Moonbit is a hybrid work comprised of experimental poetry and a critical theory of the poetics and politics of computer code. It offers an extended intellectual and creative engagement with the affordances of computer software through multiple readings and re-writings of a singular text, the source code of the Apollo 11 Guidance Computer or the “AGC.” Moonbit re-marks and remixes the code that made space travel possible. Half of this book is erasure poetry that uses the AGC code as the source text, building on the premise that code can speak beyond its functional purpose.
When we think about the 1960s U.S. space program and obscure scientific computer code, we might not first think about the Watts riots, Shakespeare, Winnie the Pooh, T.S. Eliot, or scatological jokes. Yet these cultural references and influences along with many more are scattered throughout the body of the code that powered the compact digital computer that successfully guided astronauts to the Moon and back and in July of 1969. Moonbit unravels and rewrites the many embedded cultural references that were braided together within the language resources of mid-century computer code.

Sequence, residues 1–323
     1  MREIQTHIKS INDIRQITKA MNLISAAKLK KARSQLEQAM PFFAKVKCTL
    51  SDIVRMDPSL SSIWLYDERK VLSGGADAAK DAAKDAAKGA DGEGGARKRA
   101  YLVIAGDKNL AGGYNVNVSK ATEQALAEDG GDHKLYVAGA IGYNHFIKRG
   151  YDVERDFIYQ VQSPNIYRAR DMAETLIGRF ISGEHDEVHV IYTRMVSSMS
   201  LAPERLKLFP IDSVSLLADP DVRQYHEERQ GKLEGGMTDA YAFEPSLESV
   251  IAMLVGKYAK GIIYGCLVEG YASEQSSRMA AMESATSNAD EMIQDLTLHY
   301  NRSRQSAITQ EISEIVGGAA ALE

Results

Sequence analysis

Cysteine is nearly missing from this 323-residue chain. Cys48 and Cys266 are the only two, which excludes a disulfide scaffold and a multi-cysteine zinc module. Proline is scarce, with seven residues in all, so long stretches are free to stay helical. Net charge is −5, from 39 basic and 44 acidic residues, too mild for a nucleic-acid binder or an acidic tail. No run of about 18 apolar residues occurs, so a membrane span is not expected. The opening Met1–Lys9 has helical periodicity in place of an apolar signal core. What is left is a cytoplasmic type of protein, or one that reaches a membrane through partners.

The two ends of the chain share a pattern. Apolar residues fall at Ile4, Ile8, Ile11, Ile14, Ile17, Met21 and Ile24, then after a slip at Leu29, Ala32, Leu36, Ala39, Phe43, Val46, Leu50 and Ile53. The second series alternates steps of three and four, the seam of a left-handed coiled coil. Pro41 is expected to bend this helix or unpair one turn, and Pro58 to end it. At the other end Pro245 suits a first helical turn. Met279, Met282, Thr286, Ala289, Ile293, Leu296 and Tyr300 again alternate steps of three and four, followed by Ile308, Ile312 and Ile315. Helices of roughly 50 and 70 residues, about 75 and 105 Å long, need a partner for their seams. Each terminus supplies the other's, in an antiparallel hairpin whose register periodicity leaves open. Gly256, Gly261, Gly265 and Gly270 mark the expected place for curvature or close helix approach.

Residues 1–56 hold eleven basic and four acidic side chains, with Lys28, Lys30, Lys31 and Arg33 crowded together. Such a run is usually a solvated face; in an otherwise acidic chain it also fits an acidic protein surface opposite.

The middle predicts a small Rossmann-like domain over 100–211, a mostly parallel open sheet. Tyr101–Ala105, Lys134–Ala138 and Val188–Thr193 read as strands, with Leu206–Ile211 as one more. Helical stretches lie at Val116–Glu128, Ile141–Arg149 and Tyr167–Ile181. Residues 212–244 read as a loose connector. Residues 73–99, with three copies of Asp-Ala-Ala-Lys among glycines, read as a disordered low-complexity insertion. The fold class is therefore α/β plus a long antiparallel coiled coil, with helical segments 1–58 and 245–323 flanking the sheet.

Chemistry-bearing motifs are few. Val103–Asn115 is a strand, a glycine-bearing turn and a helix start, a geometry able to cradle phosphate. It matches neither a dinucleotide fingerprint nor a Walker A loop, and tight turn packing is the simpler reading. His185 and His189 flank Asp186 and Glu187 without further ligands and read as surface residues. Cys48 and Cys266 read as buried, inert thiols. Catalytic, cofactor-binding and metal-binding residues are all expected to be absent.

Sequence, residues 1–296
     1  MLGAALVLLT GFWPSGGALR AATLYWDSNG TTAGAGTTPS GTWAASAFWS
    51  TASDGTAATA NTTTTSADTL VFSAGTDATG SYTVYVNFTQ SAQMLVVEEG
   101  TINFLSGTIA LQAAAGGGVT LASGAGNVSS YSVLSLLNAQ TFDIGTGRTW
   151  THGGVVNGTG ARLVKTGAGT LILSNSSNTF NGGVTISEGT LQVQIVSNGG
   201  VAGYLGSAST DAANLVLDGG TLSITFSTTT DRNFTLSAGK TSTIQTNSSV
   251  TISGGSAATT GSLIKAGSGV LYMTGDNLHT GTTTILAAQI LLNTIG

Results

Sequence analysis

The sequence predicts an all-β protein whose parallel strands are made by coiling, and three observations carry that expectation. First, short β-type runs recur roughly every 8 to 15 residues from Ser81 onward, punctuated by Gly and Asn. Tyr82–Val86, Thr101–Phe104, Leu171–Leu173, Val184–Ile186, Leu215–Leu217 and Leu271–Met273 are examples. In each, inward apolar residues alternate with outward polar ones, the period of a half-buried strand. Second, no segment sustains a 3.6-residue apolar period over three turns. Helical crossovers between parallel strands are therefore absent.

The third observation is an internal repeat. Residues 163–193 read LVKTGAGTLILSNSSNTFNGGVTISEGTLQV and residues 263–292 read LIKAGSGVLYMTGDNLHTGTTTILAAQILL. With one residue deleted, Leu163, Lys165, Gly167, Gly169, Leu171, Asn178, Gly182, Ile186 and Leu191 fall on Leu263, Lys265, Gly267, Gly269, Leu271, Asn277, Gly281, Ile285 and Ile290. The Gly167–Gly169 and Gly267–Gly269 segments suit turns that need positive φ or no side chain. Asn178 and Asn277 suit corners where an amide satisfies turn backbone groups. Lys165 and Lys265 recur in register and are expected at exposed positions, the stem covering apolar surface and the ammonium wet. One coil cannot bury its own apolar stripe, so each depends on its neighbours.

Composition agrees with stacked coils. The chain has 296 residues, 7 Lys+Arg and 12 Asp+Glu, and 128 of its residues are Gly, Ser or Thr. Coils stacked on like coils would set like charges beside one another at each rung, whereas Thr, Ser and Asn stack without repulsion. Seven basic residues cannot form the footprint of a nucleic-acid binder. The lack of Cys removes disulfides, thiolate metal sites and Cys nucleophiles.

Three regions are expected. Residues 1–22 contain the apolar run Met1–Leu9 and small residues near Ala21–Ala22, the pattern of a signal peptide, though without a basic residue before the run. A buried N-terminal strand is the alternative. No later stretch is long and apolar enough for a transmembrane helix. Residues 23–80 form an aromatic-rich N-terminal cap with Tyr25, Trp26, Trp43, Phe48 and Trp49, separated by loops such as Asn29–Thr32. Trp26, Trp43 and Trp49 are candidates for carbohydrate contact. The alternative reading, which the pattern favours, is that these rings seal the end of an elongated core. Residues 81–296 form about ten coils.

Moonbit also provides a gentle, non-expert introduction to the text of the AGC code, to digital poetics, and to critical code studies. Outlining a capacious interpretive practice, Moonbit takes up all manner of imaginative decodings and recodings of this code. It introduces some of the major existing approaches to the study of code and culture while provide multiple readings of the source code along with an explanation and theorization of the way in which the code works, as both a computational and a cultural text.